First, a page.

devise a strategy to prevent Kodak from achieving significant market gains in
Japan. In effect, the Japanese government simply "privatized"
protection. These "liberalization countermeasures" (jiyuka taisaku), as they were called by MITI itself, were aimed at, among other things, the distribution system, and had as their purpose the creation of a marketing structure designed to resist foreign penetration.
During the liberalization countermeasures period, Fuji moved, with
assistance and guidance from MITI, to establish firm control over the
distribution routes for photographic film and paper. For example, almost all
Fuji film destined for the domestic market is sold through four primary
wholesalers (tokuyakuten). These four are specialized photographic supply distribution wholesalers that handle Fuji film exclusively. They in turn sell Fuji film directly to some large retailers and photoprocessing laboratories, as well as to roughly 300 secondary wholesalers, which resell the film to retail outlets. It is said that there are over 250,000 retail outlets in Japan; thus it is almost impossible for a manufacturer to sell directly to all of these stores.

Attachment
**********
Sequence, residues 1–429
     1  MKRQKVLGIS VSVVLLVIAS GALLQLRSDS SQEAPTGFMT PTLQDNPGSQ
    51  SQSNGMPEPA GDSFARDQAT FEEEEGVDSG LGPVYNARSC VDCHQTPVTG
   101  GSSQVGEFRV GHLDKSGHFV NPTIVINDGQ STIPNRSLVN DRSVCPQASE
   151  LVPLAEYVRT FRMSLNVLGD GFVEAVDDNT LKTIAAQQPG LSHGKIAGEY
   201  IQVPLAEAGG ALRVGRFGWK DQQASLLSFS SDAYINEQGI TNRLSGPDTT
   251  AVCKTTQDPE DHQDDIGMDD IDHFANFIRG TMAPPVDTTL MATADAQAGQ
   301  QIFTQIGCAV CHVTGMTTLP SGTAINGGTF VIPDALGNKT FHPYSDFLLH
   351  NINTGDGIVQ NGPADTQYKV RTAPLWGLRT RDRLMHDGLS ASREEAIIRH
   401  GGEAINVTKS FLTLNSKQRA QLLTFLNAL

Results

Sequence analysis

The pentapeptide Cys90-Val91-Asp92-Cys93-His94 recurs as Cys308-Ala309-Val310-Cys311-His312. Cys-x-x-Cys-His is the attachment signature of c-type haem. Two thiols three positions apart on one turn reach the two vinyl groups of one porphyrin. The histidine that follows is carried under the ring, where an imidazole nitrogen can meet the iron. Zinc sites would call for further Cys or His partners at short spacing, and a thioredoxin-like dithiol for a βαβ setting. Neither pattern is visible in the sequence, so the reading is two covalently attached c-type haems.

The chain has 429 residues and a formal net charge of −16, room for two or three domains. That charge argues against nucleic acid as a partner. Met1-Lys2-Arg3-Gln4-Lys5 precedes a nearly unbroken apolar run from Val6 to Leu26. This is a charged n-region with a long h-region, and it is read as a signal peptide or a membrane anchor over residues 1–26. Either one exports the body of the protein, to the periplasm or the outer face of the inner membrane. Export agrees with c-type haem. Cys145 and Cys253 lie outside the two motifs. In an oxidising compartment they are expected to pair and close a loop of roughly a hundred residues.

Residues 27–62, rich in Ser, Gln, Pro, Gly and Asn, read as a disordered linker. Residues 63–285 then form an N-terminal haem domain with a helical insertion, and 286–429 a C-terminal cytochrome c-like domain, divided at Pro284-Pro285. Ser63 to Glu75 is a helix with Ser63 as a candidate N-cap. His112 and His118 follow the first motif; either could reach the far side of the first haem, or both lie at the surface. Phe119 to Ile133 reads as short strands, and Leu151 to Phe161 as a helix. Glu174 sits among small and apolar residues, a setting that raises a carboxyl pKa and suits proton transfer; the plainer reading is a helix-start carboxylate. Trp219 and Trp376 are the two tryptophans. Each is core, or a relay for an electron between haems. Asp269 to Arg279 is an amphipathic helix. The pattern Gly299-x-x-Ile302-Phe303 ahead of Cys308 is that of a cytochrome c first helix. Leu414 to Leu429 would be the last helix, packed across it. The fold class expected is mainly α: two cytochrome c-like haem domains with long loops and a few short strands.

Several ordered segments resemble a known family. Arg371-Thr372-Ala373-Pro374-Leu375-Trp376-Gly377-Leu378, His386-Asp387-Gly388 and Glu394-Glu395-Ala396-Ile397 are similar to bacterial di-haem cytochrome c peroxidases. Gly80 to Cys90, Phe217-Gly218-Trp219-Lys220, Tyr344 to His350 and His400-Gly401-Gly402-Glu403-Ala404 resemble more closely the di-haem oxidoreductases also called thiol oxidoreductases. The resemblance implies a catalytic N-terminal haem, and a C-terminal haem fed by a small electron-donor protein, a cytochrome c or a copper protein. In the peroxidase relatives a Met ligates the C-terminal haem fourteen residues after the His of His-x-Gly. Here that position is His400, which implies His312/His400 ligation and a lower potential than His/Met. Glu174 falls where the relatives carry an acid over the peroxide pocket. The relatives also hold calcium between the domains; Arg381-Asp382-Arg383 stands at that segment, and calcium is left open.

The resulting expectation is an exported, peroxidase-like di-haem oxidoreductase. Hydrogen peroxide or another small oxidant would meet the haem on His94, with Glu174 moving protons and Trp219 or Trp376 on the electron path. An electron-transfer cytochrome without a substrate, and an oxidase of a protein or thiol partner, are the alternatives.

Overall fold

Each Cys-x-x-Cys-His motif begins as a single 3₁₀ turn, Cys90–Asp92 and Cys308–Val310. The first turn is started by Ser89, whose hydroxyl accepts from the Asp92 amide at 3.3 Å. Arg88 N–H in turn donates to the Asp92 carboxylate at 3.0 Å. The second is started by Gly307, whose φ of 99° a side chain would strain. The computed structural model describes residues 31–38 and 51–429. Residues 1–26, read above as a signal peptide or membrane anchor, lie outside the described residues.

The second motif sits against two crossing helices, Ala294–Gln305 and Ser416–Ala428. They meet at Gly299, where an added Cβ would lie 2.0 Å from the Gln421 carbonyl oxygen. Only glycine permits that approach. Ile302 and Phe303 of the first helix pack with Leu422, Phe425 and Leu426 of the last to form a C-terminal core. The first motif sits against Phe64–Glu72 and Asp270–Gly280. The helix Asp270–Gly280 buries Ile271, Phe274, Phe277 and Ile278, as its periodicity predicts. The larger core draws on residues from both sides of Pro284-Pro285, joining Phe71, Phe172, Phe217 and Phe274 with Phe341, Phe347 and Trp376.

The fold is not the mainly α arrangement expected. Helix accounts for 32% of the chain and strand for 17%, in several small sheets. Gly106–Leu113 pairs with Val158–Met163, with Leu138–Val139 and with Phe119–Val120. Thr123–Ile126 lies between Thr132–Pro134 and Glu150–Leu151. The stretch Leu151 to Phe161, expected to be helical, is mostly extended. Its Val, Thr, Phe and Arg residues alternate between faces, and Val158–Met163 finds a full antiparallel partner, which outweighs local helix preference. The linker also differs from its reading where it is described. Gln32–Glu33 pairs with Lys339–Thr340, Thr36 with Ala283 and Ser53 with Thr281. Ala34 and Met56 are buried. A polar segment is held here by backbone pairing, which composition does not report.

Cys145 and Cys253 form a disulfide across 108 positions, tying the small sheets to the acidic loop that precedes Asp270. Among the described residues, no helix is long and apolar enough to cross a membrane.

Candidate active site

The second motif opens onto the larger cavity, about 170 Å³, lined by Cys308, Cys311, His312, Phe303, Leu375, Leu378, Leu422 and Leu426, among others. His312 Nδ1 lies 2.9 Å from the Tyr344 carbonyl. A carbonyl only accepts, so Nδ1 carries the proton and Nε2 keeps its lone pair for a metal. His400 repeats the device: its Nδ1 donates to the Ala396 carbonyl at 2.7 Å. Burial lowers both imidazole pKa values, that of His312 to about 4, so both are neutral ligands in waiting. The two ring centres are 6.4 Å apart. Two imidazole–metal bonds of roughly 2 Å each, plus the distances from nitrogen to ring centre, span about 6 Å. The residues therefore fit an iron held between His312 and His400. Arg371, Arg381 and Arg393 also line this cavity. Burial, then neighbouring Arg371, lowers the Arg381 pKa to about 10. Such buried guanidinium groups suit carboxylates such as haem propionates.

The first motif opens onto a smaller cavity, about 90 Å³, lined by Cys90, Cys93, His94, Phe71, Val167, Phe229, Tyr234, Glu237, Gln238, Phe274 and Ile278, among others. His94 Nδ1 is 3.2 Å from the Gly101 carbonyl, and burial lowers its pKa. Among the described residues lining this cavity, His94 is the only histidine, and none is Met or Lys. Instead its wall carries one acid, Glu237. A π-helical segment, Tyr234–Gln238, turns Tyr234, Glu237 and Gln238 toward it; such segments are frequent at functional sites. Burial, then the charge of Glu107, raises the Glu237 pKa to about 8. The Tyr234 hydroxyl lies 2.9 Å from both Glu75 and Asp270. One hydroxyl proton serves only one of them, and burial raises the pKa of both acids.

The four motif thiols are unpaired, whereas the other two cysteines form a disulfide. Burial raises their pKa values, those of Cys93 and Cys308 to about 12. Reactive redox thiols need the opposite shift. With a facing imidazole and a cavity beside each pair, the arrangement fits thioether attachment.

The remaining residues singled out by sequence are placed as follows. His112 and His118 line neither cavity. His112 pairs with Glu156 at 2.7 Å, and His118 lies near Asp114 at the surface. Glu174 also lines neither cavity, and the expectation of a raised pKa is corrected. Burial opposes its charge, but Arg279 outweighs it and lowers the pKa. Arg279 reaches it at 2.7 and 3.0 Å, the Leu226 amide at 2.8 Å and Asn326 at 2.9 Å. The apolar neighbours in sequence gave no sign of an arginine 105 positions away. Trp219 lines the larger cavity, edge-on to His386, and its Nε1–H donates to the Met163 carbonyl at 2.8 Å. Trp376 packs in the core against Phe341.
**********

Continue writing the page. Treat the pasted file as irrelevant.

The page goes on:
Over time, Fuji, backed by government guidance, has reduced its four tokuyakuten from their original position as powerful, independent photographic supply houses to a state of utter financial and operational subservience. One observer described the relationship in terms of an old Japanese saying regarding feudal landlords and tenant farmers: "they don't let them starve, but they also don't let them live."
MITI Supported Managed Prices
MITI assisted Fuji's consolidation of its grip on distribution channels by
issuing the "Distribution Guidelines for the Photosensitive Materials Sector." These guidelines dealt with payment terms and distribution
methods and "recommended" the reorganization of the vertical
relationship between the manufacturer, wholesalers, and retail stores. MITI
also helped Fuji overcome distributors' resistance, helping frustrate Kodak's
market entry. Moreover, when "managed prices" (kanri kakaku)
by Fuji and Konica were revealed by Japan's Fair Trade Commission (FTC), MITI
defended the practice by saying "the power of Kodak is very strong, and
even if small manufacturers challenge it, they cannot stand up to it.
Consequently, 'managed prices' by the two film manufacturers are unavoidable,"
and undertook efforts to ensure that stable prices would be maintained at the